From the Pastor – June 9, 2019

Short Daily PrayersWhen the time for Pentecost was fulfilled, they were all in one place together. And suddenly there came from the sky a noise like a strong driving wind, and it filled the entire house in which they were. Then there appeared to them tongues as of fire,which parted and came to rest on each one of them.

And they were all filled with the Holy Spirit and began to speak in different tongues, as the Spirit enabled them to proclaim. (Acts 2:1-4)

The word “Pentecost” is actually a Greek word meaning “fiftieth.”  What we commemorate on Pentecost is the Descent of the Holy Spirit upon the Apostles, an event that occurred fifty days (including Easter Sunday) after the Resurrection.

Historically and symbolically, Pentecost is related to the Jewish Festival of Weeks, celebrating the day (occurring fifty days after the Exodus) on which God gave the Ten Commandments to Moses on Mount Sinai.  What we have are two events in the Old Testament pointing to two future events in the New Testament.  In the Exodus, the Jewish people were freed from their slavery in Egypt.  In the New Testament, the Resurrection freed all of us from slavery to sin and death.  Fifty days after the Exodus, God gave Moses the Ten Commandments.  Fifty days after the Resurrection, God send his Holy Spirit to give us wisdom and understanding by writing the law on our hearts.

The celebration of Pentecost is often referred to as the Church’s “birthday,” and its celebration goes back to Apostolic times.  St. Irenæus wrote about it in the early 2nd Century, and Tertullian spoke about it as being well established around the year 200 A.D.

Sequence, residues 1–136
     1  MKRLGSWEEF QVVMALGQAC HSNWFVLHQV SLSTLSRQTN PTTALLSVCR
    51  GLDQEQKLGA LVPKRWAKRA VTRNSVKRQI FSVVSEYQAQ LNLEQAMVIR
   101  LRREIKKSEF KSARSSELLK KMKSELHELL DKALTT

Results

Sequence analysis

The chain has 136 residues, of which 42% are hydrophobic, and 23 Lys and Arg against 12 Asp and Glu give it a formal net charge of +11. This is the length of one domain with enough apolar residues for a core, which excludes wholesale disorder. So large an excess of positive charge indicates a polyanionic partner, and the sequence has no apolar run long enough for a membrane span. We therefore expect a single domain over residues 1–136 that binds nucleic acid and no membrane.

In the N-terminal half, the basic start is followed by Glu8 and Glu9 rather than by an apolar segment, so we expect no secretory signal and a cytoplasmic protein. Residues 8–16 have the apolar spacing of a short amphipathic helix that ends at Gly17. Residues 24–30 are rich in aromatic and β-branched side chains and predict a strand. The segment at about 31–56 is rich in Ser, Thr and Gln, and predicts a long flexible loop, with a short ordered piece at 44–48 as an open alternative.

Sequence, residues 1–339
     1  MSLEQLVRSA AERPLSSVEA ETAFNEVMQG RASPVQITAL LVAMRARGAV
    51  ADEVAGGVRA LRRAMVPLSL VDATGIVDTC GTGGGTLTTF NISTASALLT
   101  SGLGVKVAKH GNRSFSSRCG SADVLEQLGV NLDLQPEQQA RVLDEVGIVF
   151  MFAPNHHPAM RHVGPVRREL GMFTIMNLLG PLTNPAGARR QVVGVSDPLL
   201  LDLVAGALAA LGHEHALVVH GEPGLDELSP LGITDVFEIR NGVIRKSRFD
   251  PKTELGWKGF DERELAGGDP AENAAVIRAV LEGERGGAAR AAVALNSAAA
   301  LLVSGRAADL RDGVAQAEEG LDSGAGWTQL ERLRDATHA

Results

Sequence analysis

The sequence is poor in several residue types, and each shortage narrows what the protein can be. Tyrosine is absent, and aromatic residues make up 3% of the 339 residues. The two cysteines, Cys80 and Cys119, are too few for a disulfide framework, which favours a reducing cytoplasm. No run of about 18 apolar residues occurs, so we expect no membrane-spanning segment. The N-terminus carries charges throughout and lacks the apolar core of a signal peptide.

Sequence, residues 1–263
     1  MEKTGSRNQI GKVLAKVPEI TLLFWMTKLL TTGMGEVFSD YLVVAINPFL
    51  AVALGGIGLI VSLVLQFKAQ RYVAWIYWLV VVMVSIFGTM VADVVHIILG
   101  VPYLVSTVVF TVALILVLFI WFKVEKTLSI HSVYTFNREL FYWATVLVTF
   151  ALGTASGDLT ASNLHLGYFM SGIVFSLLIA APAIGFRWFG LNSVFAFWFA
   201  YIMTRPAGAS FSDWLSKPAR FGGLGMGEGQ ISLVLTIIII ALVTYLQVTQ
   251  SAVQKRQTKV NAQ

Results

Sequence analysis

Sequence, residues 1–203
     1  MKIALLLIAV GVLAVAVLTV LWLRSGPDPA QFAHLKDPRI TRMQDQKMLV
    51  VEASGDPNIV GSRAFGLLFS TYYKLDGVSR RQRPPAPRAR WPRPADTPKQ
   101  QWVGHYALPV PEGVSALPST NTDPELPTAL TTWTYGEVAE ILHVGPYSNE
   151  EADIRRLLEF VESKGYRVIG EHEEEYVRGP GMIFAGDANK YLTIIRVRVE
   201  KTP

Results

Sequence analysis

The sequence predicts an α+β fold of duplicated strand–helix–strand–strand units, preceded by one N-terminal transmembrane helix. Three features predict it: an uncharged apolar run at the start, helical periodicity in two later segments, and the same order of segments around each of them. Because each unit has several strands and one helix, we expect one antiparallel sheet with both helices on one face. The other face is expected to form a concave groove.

In parts of Italy it is customary to scatter red rose leaves from the ceiling of churches to recall the miracle of the fiery tongues.  It is even called Pascha rossa because of the red colors of the vestments used on Pentecost.  In some places in France it is customary to blow trumpets during Mass, to recall the sound of the mighty wind which accompanied the Descent of the Holy Spirit.   We might not have trumpets or rose petals for Mass, but we certainly have the red vestments.  And we call down the Holy Spirit upon us so that the 7 gifts (described on the back of this page) might be ours.  Thank God for the gifts of the Holy Spirit, and Happy Birthday, Church!
masstime.us
(Rev. Msgr.) Christopher H. Nalty
msgr.nalty@gmail.co

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Pro-Life Activities


Every Saturday at 11:00 a.m. we pray the Rosary at the Woman’s Health Care Center on the corner of General Pershing and Magnolia near Oschner Baptist Hospital. This facility is one of at least three abortion centers in the New Orleans area and just outside of our parish boundaries. Please join us!

Novena to the Holy Spirit

Novena to the Holy Spirit for the Seven Gifts
(to be prayed beginning May 24)

The novena in honor of the Holy Spirit is the oldest of all novenas since it was first made at the direction of Our Lord Himself when He sent His apostles back to Jerusalem to await the coming of the Holy Spirit on the first Pentecost. Addressed to the Third Person of the Blessed Trbinity, it is a powerful plea for the light and strength and love so sorely needed y every Christian.

NOVENA PRAYER FOR THE HOLY SPIRIT